look, no hands

I’m copying Alice’s work and having a bash at some photoshop tutorials. You MUST go and look at Alice’s work – it’s freakin’ sweet. Mine is a little dodgier:
If you can’t see all the image, best to click through to the permalink.
It’s not really finished. Basically, it took me hours to get to the point where I had the figure on the textured background. I’m not all that happy with that part – there’s not enough texture on the figure (mostly because I gave up on the layering). The text is shitty, but that’s because I gave up before I got to the bit in the tutorial about adding layers of ‘paper’.
I’m really enjoying it, but I have to follow the instructions _exactly_ because I don’t know very much about photoshop at all. I’m just a baby with layers, buggered if I know anything about masks or any of the fancy shit. So, really, I don’t actually know anything, I’ve just been copying. But I’m going to have another go to see if I can actually _learn_ as I go.
I quite like the colours (this whole image is probably the result of too much Deadwood this week), but I _really_ like the colours on Alice’s latest effort.
My eyes are kind of square, too.
Ok, here are my sources (and most of them I just found via Alice or the original tutorial):
The basic picture of the woman is from facebook, and it’s a picture of Michelle from Sugar Blue Burlesque.
Then I added a hare’s head from stock.xchng.
The background paper was also from stock.xchng.
The sunray thing was from deviantart.com.
There’s a bit of nice wallpaper in there (as in the stuff you put on walls) fromlovelamp.
There’re some brushes (now, there’s something I’d never used before) from brusheezy.
I think the font is from dafont.
I’m going to have a bash at some more of these photoshop tutorials. I wish I was a bit more visually creative, or that I had something specific to design for. I just couldn’t think of anything to write on this one (it’s pretty dumb, I know).
I’m also a bit concerned about putting animal heads on women’s bodies. Especially on burlesque bodies. There’s something weird there. And I’m not entirely comfortable with burlesque as it is – my politics suggest that there’s really nothing all that ok about stripping and women dancing erotically for (predominantly) male audiences. I mean, just ’cause it’s old timey stripping, don’t mean it _isn’t_ stripping and _doesn’t_ carry all the accompanying problems that stripping carries generally.
… part of me is also thinking about the Dietrich film ‘Blonde Venus’ and all that feminist film stuff about female bodies as ‘pieces’ cut up by the male gaze. I also worry about animal headed women not being able to ‘return’ the male gaze.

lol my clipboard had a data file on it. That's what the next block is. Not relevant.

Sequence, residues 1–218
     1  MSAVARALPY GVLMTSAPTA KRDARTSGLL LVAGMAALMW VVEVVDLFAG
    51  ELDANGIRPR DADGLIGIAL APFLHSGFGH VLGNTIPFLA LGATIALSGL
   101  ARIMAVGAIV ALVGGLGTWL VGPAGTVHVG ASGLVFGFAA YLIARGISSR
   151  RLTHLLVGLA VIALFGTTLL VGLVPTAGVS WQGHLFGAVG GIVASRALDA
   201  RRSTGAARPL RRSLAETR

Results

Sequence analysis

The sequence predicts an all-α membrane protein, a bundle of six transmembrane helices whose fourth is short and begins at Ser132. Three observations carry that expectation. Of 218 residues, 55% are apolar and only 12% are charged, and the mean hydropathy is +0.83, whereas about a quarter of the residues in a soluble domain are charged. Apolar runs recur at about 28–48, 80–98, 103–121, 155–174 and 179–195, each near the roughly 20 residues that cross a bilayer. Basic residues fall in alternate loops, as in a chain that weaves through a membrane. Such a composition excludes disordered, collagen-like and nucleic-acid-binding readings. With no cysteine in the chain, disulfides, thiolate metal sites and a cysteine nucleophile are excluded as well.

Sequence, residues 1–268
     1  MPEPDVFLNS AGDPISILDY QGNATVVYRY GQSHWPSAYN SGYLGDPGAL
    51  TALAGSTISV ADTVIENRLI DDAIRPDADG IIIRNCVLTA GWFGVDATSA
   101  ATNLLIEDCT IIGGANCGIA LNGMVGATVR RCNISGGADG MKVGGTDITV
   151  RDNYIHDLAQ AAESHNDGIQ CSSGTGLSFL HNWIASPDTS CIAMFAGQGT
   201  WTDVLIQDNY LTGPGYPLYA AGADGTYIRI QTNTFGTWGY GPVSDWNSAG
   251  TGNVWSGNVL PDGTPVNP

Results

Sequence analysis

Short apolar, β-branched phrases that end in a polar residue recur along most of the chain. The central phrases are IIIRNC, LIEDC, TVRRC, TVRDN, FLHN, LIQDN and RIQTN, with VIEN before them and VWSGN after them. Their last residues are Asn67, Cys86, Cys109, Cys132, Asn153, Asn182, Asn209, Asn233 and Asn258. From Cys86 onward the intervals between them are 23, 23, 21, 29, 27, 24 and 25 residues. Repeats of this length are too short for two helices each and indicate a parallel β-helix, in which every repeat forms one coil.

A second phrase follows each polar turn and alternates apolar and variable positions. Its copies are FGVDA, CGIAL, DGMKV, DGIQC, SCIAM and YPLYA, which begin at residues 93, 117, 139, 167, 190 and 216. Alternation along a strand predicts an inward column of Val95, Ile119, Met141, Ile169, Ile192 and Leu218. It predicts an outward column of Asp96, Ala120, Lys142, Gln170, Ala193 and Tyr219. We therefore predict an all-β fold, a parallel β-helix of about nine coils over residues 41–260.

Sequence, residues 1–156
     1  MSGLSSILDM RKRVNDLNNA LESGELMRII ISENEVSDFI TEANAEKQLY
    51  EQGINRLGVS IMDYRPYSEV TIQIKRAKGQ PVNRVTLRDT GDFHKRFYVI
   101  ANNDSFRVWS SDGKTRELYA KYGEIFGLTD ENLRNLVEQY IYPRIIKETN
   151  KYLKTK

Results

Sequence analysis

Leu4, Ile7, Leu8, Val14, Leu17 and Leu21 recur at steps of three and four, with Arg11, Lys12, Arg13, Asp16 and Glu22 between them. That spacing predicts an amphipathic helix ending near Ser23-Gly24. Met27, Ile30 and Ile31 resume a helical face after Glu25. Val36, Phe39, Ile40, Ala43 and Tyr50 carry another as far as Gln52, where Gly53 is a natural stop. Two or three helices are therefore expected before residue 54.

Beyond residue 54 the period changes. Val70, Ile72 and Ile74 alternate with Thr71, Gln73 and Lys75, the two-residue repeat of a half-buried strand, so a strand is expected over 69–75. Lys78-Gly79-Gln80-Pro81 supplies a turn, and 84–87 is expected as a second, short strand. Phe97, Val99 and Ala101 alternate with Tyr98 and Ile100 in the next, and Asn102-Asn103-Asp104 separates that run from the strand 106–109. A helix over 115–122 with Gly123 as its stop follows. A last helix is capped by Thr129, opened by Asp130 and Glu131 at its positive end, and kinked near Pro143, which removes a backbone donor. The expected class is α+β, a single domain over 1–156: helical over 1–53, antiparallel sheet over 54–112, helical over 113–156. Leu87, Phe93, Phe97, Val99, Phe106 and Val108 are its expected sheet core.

But there you go. I dare say my using that picture of a woman I know without permission is also problematic.
I have a couple of ideas for animal headed men, but I think I’m kind of over them. We’ll see, though. I think I’d like to go for a more modern look as well – I’m a bit over that dirty look. But it is useful to know how to do it, now.
But what _I’d_ really like to know how to do, is add those ‘pieces of paper’ with the text on them. I also discovered that I’d forgotten how to do shaped text (as in following a free form line). Sigh.
…and, my foot is still bung. It’s about three weeks, now, and I’m only up to 10 minute walks. They make my foot hurt and hurt, though. But yesterday I rode my bike and it didn’t hurt my foot. Ace. I still have a bit of a cold from MLX, but I’m absolutely dying of cabin fever and lack of exercise. I MUST do some sort of exercise before I go nuts. I also plan to get into yoga again after christmas. My house-bound-ness has made me very dull, I’m afraid, so nothing more from me. There’s more Deadwood to watch. :)

wanted: nice iyengar yoga studio

I miss Frank.
I have just started looking for another Iyengar studio.
The Yoga Nook in Dulwich Hill is very close (only a quick bike ride away), although I did find this disturbing photo on its site:
The Squeeze doesn’t think I should go there, just in case he comes home one evening to find me stuck in this pose on the lounge room floor. I share his concerns.
The Leichardt Yoga Room got me all excited with its name (almost but not quite the Rathdown Yoga Room), but it featured this photo on its site:
I’m fairly sure this is the pose that I hate most. My nemesis pose. It is my Captain Hammer. I frickin’ hate backwards bending poses, and this is the worst. It hurts my back, it hurts my feet, it hurts my legs. I tend to get distressed doing this pose – heart rate elevated, panic! panic! – and need all the equipment in the room (every bolster, every wooden thing, every blanket) to attempt it. This usually means that I’m sitting upright with a bunch of blankets under my feet and a billion bolsters and other shit piled up behind me.
So I’m not sure I want to go there – I mean, if you love virasana that much, why don’t you freakin’ marry it? It is in Leichardt, though. Which is where the ‘french’ cafe is.
Really, I think I just want Frank to come to Sydney. Or I want another yoga studio specialising in Iyengar, long, complicated and incomprehensible explanations and Italian nonnas. In my experience, the best studios are also very not online.
…now I’ve thought about Frank, I’m suddenly overcome by a wave of homesickness. I miss the smell of the yoga mats. Wait, I know how I can cheer myself up: with home made yoga. Down dog!

round up

Enough of the random posts. Just join them all together and make one long stream of consciousness post.